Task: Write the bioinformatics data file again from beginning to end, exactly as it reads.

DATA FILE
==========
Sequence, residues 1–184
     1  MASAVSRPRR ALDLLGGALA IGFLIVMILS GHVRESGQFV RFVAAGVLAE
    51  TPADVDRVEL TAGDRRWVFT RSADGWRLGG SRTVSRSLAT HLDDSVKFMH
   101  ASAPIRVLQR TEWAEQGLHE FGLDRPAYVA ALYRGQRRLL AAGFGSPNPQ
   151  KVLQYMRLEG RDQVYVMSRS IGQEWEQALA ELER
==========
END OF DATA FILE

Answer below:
Sequence, residues 1–184
     1  MASAVSRPRR ALDLLGGALA IGFLIVMILS GHVRESGQFV RFVAAGVLAE
    51  TPADVDRVEL TAGDRRWVFT RSADGWRLGG SRTVSRSLAT HLDDSVKFMH
   101  ASAPIRVLQR TEWAEQGLHE FGLDRPAYVA ALYRGQRRLL AAGFGSPNPQ
   151  KVLQYMRLEG RDQVYVMSRS IGQEWEQALA ELER